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Posts Tagged ‘Corrèze’



THIS RURAL COUNTRYSIDE is one of the most beautiful and least populated areas of France. It truly is a land that time has forgotten although mankind has occupied this region for over 450,000 years. The first signs of human habitation, in the form of flint tools, were in the Vézère valley. Neanderthal man came into our area about 125,000 years ago and, for a period of time, coexisted with the Cro-Magnon. The Cro-Magnon man discovered here dates back 40,000 years and by around 25,000 years ago supremely realistic animals started to depicted in local caves by them.

We've been told that nearly 70% of the world’s prehistoric cave art is to be found here in southwestern France. Viewing the 25,000 year old paintings at Pech-Merle and a few other important sites provides the opportunity to see some of its finest examples.

Medieval villages are everywhere and within about a 1.5 hour drive radius of the Dordogne River Valley's heart you can visit 18 of the most beautiful villages in France. That’s better than 10% of the villages that have made the governments, Plus Beau Villages list. This region was where Julius Caesar defeated the Gaul’s in 54BC, home to Richard the Lionhearted, and birthplace to the Knights Templar’s. (We think this makes the area one of France’s best kept secrets!)

Rustic French cuisine just does not get better! This is ground zero for the black truffles, fois gras, and other regional Quercynoise delights. If you come here don’t forget to bring your appetite.

For paddle-sport enthusiasts the rivers in our region of most interest include;  the Dordogne (considered the cleanest & most beautiful in all of France), Vézère (which passes though the heart of the regions pre-history) and the Ardèche.

This patch of southwestern France was once known as the Haut-Quercy. Located at the northern tip of the French department called the LOT (46) and also includes parts of the Corrèze (19) and Cantal (15).

TRAVEL time to/ from Paris is about 4.5 hours by train, Bordeaux 3 hours West, and Toulouse 2.5 hours South by car.

France’s rustic soul can be found in the heart southwest!

à bientôt! Jack

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June 16, 2013 - Posted by Jack Tobin

Périgord is considered one of the “cradles of the walnut” – they have been found among the remains of Cro-Magnon dwellings here dating back 17,000 years. They helped make the area prosperous in the Middle Ages and are still emblematic of Périgord today.


In the Middle Ages, walnuts were so prized that locals paid debts in them and the Cistercian abbey of Dalon had tenants pay rent in walnut oil. The oil was used for cooking, as well as for lighting lamps from homes to cathedrals, and people would rub it on their skin instead of soap.

From the 17th century, there was a flourishing export trade, including to Britain, via Bordeaux. Today, the Périgord production area covers the Lot, Corrèze and Dordogne and a small part of the Charente. Visitors can explore the Route de la Noix (Walnut Route), which takes in the key towns of Martel (Lot), Domme (Dordogne), Hautefort (Dordogne) and Collonges la Rouge (Corrèze).

Click Map for complete look at: ‘Route de la Noix’

Whether you decide to bike, walk or drive there are many unique adventures and culinary delights to be discovered on the ‘Route de la Noix’!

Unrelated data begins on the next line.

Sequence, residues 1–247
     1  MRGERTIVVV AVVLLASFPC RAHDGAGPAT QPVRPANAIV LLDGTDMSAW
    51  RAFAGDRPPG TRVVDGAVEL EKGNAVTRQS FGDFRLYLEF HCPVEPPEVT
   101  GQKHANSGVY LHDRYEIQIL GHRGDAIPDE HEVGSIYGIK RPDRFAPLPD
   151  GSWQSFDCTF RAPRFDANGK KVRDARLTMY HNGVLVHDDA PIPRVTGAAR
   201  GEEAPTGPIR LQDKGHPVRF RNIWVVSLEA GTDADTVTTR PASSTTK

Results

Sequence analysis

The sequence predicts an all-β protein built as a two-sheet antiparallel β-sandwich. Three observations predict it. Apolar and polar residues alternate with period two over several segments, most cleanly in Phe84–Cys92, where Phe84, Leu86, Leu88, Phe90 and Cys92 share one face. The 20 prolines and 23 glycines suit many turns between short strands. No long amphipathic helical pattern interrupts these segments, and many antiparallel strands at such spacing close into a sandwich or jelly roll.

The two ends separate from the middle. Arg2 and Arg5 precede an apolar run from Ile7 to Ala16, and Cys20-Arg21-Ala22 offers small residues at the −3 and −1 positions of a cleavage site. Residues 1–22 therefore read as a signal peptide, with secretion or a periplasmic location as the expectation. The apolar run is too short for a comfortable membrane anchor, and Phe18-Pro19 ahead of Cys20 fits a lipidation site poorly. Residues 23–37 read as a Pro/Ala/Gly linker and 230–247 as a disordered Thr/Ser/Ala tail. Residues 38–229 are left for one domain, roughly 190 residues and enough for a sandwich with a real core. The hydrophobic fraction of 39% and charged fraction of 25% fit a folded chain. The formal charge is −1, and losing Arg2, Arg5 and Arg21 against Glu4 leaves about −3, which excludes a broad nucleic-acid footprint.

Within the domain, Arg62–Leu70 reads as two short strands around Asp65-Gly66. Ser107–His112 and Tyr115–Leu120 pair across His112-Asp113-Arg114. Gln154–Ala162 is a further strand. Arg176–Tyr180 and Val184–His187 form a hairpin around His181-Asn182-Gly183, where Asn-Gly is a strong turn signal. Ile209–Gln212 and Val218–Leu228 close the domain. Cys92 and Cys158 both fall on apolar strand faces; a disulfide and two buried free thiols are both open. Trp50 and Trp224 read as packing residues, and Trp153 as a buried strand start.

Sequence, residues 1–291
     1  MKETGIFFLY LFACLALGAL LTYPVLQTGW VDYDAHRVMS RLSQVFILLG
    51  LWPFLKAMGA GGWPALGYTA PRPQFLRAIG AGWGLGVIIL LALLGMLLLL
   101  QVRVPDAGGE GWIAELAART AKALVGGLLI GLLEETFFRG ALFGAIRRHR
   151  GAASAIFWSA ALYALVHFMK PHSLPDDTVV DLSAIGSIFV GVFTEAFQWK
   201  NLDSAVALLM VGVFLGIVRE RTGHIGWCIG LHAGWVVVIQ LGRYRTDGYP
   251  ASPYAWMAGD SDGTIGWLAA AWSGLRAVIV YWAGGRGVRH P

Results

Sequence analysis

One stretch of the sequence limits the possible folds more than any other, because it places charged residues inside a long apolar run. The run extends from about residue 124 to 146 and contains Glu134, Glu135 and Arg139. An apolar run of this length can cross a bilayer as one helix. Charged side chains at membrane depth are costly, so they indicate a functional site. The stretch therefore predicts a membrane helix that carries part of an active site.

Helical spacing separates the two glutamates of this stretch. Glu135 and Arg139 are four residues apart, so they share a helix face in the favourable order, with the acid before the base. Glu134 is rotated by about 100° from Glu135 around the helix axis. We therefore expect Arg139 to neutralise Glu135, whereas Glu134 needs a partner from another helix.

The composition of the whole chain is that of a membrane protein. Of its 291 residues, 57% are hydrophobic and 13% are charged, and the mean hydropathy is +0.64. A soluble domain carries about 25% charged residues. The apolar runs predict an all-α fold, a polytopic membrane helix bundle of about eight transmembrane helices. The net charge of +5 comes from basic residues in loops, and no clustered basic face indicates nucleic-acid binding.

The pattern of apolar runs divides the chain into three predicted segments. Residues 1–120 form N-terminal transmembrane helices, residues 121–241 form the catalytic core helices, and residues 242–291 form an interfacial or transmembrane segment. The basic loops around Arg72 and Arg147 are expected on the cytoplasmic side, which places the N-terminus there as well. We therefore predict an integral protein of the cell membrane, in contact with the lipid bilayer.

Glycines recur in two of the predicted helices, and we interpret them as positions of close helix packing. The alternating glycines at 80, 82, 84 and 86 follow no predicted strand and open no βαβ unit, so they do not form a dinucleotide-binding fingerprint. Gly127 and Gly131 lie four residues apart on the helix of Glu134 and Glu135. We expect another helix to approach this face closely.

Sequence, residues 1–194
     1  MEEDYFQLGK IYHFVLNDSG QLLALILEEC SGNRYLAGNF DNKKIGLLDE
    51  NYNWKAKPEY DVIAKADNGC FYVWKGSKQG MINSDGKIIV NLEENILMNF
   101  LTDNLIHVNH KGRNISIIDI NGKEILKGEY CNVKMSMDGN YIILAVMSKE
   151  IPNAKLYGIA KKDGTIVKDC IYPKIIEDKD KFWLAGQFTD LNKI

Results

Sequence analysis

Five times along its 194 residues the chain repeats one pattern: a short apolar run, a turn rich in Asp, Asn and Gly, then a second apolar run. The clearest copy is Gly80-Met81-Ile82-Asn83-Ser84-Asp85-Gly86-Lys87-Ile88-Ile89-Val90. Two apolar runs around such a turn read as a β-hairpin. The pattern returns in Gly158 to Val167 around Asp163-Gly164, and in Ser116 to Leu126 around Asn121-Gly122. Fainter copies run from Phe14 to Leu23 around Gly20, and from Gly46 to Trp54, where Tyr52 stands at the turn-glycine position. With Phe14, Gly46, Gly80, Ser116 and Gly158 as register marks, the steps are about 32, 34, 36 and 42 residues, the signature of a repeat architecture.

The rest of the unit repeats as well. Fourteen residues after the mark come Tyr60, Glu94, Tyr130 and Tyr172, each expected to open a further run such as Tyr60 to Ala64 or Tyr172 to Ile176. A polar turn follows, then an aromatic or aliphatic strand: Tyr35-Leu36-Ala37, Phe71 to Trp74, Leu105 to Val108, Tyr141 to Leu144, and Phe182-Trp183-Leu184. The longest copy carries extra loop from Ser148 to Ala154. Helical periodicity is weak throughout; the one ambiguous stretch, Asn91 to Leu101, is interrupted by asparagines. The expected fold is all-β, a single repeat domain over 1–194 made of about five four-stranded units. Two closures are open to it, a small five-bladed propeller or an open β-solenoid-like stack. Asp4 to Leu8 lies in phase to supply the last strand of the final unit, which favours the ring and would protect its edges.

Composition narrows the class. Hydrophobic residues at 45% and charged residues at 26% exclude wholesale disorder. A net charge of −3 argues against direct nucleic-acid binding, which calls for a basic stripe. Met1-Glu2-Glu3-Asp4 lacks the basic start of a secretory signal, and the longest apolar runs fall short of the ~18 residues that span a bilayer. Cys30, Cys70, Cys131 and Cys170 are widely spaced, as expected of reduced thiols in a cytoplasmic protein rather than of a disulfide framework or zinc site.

Exploring the walnut routes is as enjoyable as sampling all the local products produced! Plan to visit in 2013? Please check out the delightful accommodations at Le Sud which is located in the very heart of the region!

Bon Voyage et à bientôt! Jack
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February 17, 2013 - Posted by Jack Tobin

THE DORDOGNE river basin has been named a UNESCO biosphere reserve.

UNESCO recognized the area as being remarkable for its well-preserved natural setting and the exceptional cultural heritage and art de vivre linked to it.

It says: “The economy of its basin is largely based on tourism, agriculture and forestry, but also industry, benefits from its natural resources, the beauty of the scenery and the prestigious image given by the Dordogne and its many tributaries.”

The aim of the labeling, says UNESCO, is to encourage people to “maintain the symbiosis between nature and man which characterizes the Dordogne basin”; and to “stimulate [people’s] imagination and energy” to make sure progress goes hand in hand with respect for the environment.

The Dordogne flows over 300 miles from source to sea. On its journey from source on Mont-Dore it passes through the departments of Puy-de-Dôme, Corrèze, Lot, Dordogne and Gironde creating some of the most spectacular scenery to be found in France.

Europe’s rivers were, a thousand years ago, its medieval highways. The Dordogne River being one of France’s most strategic, it’s not surprising some of this country’s most formidable castles & fortified houses were built because of its proximity. The labeled area – 24,000 square kilometers – joins 10 other areas of natural heritage in France to have been so designated in the past. They include the Mont Ventoux in the Vaucluse, the Cévennes and the Camargue.

Our sources for this blog post beyond our own contributions included content from both Sandra Sheridan’s Blog site: and UNESCO is the acronym for: United Nations Educational, Scientific and Cultural Organization/

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Merci et à bientôt! Jack


November 11, 2012 - Posted by Jack Tobin